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Topics: Spontaneous bacterial peritonitis (62%), Hepatorenal syndrome (56%), Renal function (55%) ... read more

1,369 Citations


Open accessJournal ArticleDOI: 10.1056/NEJMOA1305727
Pietro Caironi1, Gianni Tognoni2, Serge Masson2, Roberto Fumagalli3  +13 moreInstitutions (4)
Abstract: BACKGROUND Although previous studies have suggested the potential advantages of albumin administration in patients with severe sepsis, its efficacy has not been fully established. METHODS In this multicenter, open-label trial, we randomly assigned 1818 patients with severe sepsis, in 100 intensive care units (ICUs), to receive either 20% albumin and crystalloid solution or crystalloid solution alone. In the albumin group, the target serum albumin concentration was 30 g per liter or more until discharge from the ICU or 28 days after randomization. The primary outcome was death from any cause at 28 days. Secondary outcomes were death from any cause at 90 days, the number of patients with organ dysfunction and the degree of dysfunction, and length of stay in the ICU and the hospital. RESULTS During the first 7 days, patients in the albumin group, as compared with those in the crystalloid group, had a higher mean arterial pressure (P = 0.03) and lower net fluid balance (P<0.001). The total daily amount of administered fluid did not differ significantly between the two groups (P = 0.10). At 28 days, 285 of 895 patients (31.8%) in the albumin group and 288 of 900 (32.0%) in the crystalloid group had died (relative risk in the albumin group, 1.00; 95% confidence interval [CI], 0.87 to 1.14; P = 0.94). At 90 days, 365 of 888 patients (41.1%) in the albumin group and 389 of 893 (43.6%) in the crystalloid group had died (relative risk, 0.94; 95% CI, 0.85 to 1.05; P = 0.29). No significant differences in other secondary outcomes were observed between the two groups. CONCLUSIONS In patients with severe sepsis, albumin replacement in addition to crystalloids, as compared with crystalloids alone, did not improve the rate of survival at 28 and 90 days. (Funded by the Italian Medicines Agency; ALBIOS ClinicalTrials.gov number, NCT00707122.)

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Topics: Serum albumin (57%), Septic shock (54%), Intensive care (54%) ... read more

718 Citations


Journal ArticleDOI: 10.1001/JAMA.289.19.2554
21 May 2003-JAMA
Abstract: Composite outcomes, in which multiple end points are combined, are frequently used as primary outcome measures in randomized trials and are often associated with increased statistical efficiency. However, such measures may prove challenging for the interpretation of results. In this article, we examine the use of composite outcomes in major clinical trials, assess the arguments for and against them, and provide guidance on their application and reporting. To assess incidence and quality of reporting, we systematically reviewed the use of composite end points in clinical trials in Annals of Internal Medicine, BMJ, Circulation, Clinical Infectious Diseases, Journal of the American College of Cardiology, JAMA, Lancet, New England Journal of Medicine, and Stroke from 1997 through 2001 using a sensitive search strategy. We selected for review 167 original reports of randomized trials (with a total of 300 276 patients) that included a composite primary outcome that incorporated all-cause mortality. Sixty-three trials (38%) were neutral both for the primary end point and the mortality component. Sixty trials (36%) reported significant results for the primary outcome measure but not for the mortality component. Only 6 trials (4%) were significant for the mortality component but not for the primary composite outcome, whereas 19 trials (11%) were significant for both. Twenty-two trials (13%) were inadequately reported. Our review suggests that reporting of composite outcomes is generally inadequate, implying that the results apply to the individual components of the composite outcome rather than only to the overall composite. Current guidelines for the undertaking and reporting of clinical trials could be revised to reflect the common use of composite outcomes in clinical trials.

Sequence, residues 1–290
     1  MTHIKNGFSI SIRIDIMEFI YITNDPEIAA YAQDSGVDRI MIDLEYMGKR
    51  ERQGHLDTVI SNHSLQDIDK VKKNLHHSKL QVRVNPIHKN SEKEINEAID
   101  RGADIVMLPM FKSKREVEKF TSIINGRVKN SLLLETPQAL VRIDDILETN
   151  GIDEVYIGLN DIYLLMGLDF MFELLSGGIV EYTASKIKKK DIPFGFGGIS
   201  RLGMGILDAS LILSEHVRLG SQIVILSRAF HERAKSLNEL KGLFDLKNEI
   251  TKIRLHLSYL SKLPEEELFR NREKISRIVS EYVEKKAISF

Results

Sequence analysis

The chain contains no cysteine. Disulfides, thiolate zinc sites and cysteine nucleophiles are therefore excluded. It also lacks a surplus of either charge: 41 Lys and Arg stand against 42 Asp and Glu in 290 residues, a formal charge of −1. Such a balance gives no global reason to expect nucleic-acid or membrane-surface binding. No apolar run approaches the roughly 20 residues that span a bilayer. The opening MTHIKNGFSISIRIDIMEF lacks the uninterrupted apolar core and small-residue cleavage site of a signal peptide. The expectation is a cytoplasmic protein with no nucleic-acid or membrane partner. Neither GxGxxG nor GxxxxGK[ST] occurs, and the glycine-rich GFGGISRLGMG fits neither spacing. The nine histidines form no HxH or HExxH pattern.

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Topics: Clinical trial (55%), Randomized controlled trial (55%), Surrogate endpoint (53%) ... read more

576 Citations


Open accessJournal ArticleDOI: 10.1002/HEP.26359
Bruce A. Runyon1Institutions (1)
01 Apr 2013-Hepatology
Abstract: Ascites is the most common of the three major complications of cirrhosis, the other complications being hepatic encephalopathy and variceal hemorrhage. Cirrhosis is the most common cause of ascites in the United States. Development of ascites may be the first evidence of the presence of cirrhosis. Obesity makes the physical examination less helpful in detecting ascites. Imaging may provide the first evidence of the presence of ascites. Patients with ascites are frequently admitted to hospitals. Effective care of these patients can reduce the frequency of these readmissions. This version of the American Association for the Study of Liver Diseases Practice Guideline is the fourth iteration of this guideline and represents a thorough update of the 2009 version. Introduction

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Topics: Cirrhosis (56%), Ascites (55%), Guideline (55%) ... read more

545 Citations